Legitimacy of multistakeholder IG processes and outcomes are inextricably linked with participants’ legitimacy and accountability. Critics of multistakeholder IG point to lack of clarity over who participates and what institution/organization/entity they represent. They see incongruity when individual stakeholders offer personal opinions alongside representatives of organized collections of individuals, representatives of entities/interest groups, and government representatives who see themselves as responsible for meeting the needs of millions of citizens.
While supporters of multistakeholder IG believe the openness of IG processes is one of its core strengths, for critics, this openness can enable “bad actors” and others to “capture” or distort what should be consensus-based decision-making process. The result is that critics of multistakeholderism, and marginalized voices in IG processes, have less confidence in IG processes to contribute, as part of the WSIS and SDG frameworks, to achieving inclusive and sustainable growth.
Many multistakeholder IG processes have rudimentary ways to prioritize views of representatives of groups over individuals. e.g.:
- CSTD’s working groups asked stakeholder groups to nominate a limited number of representatives
- ICANN’s Cross-Community Working Groups prioritize representatives of ICANN constituencies (“members”) over individuals (“observers/participants”).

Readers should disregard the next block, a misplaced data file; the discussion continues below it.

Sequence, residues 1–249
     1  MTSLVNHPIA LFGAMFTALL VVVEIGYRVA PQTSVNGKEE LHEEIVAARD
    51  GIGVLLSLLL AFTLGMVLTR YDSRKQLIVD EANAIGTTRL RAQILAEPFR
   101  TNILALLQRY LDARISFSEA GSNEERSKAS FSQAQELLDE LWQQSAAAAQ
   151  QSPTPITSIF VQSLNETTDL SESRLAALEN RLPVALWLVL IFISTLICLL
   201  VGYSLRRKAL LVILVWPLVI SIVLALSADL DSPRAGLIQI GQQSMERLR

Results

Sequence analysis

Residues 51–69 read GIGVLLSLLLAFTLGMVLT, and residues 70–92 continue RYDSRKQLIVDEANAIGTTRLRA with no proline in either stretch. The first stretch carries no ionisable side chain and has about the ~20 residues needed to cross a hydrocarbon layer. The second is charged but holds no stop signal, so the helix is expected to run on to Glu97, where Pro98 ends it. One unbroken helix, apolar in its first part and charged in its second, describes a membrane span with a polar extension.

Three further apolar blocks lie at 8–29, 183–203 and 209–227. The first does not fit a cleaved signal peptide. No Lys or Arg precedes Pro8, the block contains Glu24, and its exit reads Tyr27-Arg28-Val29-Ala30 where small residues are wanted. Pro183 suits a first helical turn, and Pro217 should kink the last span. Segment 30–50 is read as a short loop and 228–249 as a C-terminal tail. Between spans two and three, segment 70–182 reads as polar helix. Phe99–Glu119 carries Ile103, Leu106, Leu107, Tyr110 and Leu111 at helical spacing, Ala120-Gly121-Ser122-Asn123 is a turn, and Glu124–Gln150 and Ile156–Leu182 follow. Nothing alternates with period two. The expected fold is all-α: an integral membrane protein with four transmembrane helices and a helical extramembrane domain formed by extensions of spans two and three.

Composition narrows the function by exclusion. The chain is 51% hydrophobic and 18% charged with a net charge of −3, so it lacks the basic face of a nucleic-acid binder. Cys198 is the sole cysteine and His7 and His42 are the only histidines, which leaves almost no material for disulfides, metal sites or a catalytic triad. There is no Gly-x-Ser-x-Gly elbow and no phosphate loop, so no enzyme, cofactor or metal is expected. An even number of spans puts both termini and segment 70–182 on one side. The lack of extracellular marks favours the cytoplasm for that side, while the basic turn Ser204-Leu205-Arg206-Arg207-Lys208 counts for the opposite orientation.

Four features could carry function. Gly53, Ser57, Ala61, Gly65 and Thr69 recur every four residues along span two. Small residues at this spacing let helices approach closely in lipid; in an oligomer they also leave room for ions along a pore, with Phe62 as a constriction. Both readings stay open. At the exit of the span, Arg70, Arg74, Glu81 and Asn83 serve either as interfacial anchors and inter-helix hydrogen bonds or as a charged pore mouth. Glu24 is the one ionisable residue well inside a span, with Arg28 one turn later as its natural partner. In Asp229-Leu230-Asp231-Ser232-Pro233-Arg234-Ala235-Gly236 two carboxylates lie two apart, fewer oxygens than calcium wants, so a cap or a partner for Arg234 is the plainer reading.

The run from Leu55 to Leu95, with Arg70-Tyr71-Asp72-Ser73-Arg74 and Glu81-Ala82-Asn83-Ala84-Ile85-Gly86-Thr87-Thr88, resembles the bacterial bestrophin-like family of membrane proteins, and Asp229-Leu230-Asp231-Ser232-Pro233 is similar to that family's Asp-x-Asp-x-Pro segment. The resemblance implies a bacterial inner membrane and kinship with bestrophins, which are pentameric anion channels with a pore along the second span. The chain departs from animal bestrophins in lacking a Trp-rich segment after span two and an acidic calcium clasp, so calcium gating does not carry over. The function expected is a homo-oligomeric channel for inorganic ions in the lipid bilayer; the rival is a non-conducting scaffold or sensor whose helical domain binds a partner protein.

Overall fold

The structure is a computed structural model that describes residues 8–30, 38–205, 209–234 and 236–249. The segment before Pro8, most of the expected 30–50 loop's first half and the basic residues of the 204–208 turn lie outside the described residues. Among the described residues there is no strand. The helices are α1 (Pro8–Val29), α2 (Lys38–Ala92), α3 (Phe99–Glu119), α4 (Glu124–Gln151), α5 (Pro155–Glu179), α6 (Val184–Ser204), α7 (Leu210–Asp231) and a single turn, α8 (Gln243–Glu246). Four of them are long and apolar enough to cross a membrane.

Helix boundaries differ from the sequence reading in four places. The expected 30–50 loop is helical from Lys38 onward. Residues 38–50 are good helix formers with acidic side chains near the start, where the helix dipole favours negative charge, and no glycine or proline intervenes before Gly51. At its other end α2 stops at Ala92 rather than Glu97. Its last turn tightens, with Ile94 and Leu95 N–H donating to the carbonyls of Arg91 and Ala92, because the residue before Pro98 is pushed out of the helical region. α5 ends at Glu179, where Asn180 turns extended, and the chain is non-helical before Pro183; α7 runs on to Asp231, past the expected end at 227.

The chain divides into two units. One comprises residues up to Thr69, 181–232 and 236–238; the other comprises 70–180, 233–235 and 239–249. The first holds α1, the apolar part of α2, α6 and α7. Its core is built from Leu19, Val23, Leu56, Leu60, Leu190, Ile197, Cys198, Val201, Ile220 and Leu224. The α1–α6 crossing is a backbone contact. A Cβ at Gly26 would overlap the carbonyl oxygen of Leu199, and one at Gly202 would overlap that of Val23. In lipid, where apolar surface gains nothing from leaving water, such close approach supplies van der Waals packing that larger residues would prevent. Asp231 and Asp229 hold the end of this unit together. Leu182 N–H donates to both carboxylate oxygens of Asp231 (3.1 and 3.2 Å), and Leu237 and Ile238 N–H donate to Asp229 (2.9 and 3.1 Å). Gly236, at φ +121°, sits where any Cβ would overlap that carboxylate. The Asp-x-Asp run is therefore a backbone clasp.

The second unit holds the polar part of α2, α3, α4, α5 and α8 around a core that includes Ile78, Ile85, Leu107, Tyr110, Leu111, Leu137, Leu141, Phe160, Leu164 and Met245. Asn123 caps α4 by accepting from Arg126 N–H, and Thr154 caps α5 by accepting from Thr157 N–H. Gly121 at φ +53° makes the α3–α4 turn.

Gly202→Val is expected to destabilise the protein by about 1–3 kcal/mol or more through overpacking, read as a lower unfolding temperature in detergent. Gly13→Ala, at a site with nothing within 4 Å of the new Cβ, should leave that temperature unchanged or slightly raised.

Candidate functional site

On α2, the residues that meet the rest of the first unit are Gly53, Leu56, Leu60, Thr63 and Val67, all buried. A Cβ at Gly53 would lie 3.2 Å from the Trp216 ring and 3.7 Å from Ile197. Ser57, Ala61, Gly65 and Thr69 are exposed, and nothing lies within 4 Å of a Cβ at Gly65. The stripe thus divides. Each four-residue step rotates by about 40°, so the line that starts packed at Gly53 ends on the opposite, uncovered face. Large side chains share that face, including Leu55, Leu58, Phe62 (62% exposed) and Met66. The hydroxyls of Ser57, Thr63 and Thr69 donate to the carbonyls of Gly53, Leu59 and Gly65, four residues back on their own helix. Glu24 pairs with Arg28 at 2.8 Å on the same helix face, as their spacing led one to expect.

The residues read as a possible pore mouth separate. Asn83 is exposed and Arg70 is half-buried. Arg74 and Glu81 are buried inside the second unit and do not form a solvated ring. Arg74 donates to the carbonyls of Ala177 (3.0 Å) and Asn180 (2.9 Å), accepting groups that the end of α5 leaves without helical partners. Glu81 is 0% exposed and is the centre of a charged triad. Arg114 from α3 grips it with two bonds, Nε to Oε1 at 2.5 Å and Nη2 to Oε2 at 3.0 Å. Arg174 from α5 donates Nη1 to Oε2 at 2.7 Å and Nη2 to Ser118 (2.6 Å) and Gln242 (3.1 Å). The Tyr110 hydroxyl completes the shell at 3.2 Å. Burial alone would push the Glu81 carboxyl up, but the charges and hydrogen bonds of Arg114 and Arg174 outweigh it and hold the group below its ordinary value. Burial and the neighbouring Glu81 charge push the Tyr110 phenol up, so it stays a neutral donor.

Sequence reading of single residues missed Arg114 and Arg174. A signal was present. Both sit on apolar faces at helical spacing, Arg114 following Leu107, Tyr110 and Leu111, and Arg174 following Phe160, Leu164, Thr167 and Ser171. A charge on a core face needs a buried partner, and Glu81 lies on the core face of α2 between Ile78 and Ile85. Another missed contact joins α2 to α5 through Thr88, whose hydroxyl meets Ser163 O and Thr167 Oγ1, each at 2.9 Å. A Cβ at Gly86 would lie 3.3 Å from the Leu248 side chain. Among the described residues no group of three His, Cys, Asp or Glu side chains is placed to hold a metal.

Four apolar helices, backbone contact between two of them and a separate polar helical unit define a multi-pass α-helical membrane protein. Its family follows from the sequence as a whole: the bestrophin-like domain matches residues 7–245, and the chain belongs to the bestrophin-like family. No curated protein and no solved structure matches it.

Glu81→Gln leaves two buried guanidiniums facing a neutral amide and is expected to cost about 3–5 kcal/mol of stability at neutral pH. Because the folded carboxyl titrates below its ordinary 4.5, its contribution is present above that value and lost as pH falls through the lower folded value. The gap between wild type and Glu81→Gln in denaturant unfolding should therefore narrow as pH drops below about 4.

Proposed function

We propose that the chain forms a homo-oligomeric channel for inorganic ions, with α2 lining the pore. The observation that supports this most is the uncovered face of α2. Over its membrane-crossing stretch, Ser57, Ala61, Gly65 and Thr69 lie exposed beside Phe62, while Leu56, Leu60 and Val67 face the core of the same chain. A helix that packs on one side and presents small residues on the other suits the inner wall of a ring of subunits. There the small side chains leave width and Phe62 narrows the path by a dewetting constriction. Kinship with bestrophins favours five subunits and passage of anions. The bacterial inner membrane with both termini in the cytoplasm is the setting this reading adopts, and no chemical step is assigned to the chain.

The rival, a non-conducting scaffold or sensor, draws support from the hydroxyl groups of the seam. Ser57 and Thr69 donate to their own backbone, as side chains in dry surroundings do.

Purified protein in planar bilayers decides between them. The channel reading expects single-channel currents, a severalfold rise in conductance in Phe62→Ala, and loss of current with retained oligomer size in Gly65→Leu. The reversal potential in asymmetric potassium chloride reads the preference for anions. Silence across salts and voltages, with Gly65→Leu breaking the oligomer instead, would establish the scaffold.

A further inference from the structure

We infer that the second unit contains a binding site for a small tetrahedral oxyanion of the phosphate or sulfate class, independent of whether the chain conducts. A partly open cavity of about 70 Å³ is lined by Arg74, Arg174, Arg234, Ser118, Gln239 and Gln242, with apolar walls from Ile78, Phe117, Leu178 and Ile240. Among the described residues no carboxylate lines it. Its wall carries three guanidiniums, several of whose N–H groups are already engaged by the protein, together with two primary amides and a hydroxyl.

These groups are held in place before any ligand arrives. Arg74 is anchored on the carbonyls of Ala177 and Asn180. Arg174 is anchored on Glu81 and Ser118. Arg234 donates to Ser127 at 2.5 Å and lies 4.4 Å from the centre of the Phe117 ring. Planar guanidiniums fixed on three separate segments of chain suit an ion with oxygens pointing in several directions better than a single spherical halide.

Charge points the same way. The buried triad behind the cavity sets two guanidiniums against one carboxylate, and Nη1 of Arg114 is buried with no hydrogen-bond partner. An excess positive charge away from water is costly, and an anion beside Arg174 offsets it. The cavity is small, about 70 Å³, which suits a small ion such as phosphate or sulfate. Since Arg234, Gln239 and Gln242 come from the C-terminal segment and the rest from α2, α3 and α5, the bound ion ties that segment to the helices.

However, there are other ways stakeholders can achieve disproportionate influence, including:
- Informal sources of power (expertise, seniority/age, ubiquitous presence)
- Misrepresenting the size and decision-making processes of a group a stakeholder asserts to represent
This workshop will build on the Multistakeholder BPF and stakeholder legitimacy and accountability work in other sectors to identify and manage challenges in IG stakeholder legitimacy.
Background paper (PDF)
Breakout group documents:
(These are fully editable, so feel free to add your responses to the topics directly into the documents at any time before the session as well as during the session)
- Is there a need to prove the legitimacy of stakeholder groups and their members, and if so, what are ways that legitimacy can be established?
- Stakeholder groups and their configurations
- Levels of stakeholder representation (individuals through to aggregated groupings)
- How do stakeholders manage the participation of entities or individuals that are not deemed to have a high level of legitimacy in a process?
Breakout group facilitators: